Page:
by Yuji Andreas Wendler | April 02, 2019

Before asking ourselves why second- or even third-tier destinations are becoming more popular for incentive travel, we should answer this question: what makes an incentive a real incentive? As planners, what is it that we are looking for? 

In Latin, the word' incendere' means 'firing up' or 'to set fire'. When it comes to incentive travel, we want to create one-of-a-kind experiences that leave positive, long-lasting memories for our incentive participants. It is all about touching the emotional side of the guests so that the experiences are remembered forever in positive ways. I believe that going off the beaten track to look for new ideas is one of the chief missions of an incentive planner. 

However, where can we find these extraordinary, unique and exceptional experiences? Are there any left? 

Looking for that special touch
Most planners agree that it is becoming more and more challenging to find these experiences in first-tier destinations. That is because guests who travel frequently have already seen the world over, and it is much harder for us to find unique experiences in larger incentive 'hubs'. In most cases, our target guests have already been to most big cities. 

No worries though, because this presents a huge opportunity for second- and third-tier destinations. As planners, we have observed many local suppliers - especially those with great potential in the incentive field - coming up with new approaches and creative ideas. These suppliers are also the ones competing harder to get the business and going the extra mile to make the impossible possible.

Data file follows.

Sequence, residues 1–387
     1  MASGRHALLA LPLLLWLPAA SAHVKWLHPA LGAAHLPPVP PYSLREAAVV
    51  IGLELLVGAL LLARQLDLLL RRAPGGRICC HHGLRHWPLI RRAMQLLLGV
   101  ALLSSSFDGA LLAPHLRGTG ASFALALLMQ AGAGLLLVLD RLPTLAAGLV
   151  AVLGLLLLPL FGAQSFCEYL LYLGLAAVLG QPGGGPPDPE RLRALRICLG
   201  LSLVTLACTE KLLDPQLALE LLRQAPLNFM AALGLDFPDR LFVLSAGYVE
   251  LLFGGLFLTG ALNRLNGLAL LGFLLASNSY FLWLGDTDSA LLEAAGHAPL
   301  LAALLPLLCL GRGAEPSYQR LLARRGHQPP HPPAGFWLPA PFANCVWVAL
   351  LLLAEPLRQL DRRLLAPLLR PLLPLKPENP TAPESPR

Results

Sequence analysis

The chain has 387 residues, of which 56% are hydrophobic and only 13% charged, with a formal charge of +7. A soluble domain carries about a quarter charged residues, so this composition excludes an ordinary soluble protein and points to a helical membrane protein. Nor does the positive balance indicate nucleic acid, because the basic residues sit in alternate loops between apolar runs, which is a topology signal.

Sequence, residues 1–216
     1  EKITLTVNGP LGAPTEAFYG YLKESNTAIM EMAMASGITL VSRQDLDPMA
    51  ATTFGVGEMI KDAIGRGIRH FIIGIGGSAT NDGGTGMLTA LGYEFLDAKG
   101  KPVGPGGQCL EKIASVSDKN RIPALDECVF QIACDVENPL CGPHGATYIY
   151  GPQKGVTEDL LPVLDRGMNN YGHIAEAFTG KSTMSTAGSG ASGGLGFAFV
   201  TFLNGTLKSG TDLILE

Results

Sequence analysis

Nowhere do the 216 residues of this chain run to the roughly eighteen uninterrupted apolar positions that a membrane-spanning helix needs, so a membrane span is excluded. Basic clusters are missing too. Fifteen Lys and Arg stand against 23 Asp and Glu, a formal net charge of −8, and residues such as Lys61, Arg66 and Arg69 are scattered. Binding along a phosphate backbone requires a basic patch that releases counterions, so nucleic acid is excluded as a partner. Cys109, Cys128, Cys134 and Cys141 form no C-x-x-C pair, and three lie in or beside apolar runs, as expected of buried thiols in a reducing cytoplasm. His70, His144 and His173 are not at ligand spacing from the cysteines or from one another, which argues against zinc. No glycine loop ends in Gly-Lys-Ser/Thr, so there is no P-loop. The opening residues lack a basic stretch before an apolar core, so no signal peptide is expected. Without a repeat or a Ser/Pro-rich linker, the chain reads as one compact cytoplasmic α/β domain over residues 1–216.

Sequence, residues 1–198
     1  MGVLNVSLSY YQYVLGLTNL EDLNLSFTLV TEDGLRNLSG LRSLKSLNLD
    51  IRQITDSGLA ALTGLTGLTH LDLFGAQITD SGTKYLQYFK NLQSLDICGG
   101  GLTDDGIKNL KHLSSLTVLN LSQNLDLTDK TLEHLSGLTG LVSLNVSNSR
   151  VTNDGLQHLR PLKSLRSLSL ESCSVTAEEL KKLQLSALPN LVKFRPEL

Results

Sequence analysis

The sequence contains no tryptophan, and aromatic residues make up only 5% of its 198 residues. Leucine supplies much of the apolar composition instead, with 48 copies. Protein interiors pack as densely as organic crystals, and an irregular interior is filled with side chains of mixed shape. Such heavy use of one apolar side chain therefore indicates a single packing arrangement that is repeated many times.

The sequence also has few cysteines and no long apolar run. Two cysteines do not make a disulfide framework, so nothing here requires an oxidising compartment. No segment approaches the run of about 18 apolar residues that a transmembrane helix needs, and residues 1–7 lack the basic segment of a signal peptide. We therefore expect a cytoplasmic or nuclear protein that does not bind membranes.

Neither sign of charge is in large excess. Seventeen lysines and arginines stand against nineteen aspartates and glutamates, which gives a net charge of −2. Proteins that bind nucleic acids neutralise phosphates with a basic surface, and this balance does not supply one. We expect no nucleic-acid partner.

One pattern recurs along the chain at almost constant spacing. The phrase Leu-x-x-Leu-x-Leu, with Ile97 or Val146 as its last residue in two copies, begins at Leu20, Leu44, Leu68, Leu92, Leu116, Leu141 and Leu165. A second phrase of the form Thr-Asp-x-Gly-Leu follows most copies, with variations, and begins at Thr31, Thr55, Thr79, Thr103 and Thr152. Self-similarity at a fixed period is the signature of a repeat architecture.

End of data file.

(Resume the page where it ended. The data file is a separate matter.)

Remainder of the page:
Besides, second- and third-tier destinations continue to be alluring to travellers. Aside from their unique nature, these destinations continue to feel untouched and undiscovered, at least to majority of our guests. These are the exact qualities - authenticity, uniqueness, as well as new, memorable experiences - that we look for in a destination. 

It's not all sunshine and rainbows
However, that is not to say that second- and third-tier cities do not have their downsides to begin with. For one, these destinations tend to be less developed. The tourism industry, too, is often less mature. Then there are other challenges as well, such as the lack of suitable hotels, the lack of necessary equipment (if needed), logistics in disarray, just to name a few. Even accessibility is an issue, since these destinations might require multiple transfers that last for longer times. These elements make second- or third-tier destinations sometimes difficult to promote. That is why it is so important to gain the support and inputs of local CVBs and DMOs alike. 

To work around these challenges, one idea is to find something the second- and third-tier destinations are famous for.

 

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Let's take my hometown, Cologne in Germany, for example. We have strong media-related businesses, as well as many research institutions and universities. The local identity, too, is very strong, since our history dates back 2,000 years to the Roman Empire. As such, Cologne is the capital of carnivals, as well as the home of 'Koelsch', a local beer. My hometown also hosts several famous football and ice hockey clubs. 

With that in mind, the local CVBs in my hometown are actively promoting these in their marketing - and their efforts have been met with great successes, too, especially against their larger competitions, such as Berlin. Also, these CVBs have been sparing no effort when it comes to offering local experiences found nowhere else in the world, let alone in Germany. 

That is why it is important for CVBs, knowing what planners need and what local suppliers can provide, to play the role of consultants between all parties involved and create common grounds for the betterment of incentive experiences for clients. 

I see huge opportunities coming up for second- and third-tier destinations. Compared to their bigger, more established counterparts, these destinations have unique sparks that the more mature first-tier hubs now lack. It will be interesting to see how the next few years are going to develop, as first-tier destinations look for ways to redefine themselves.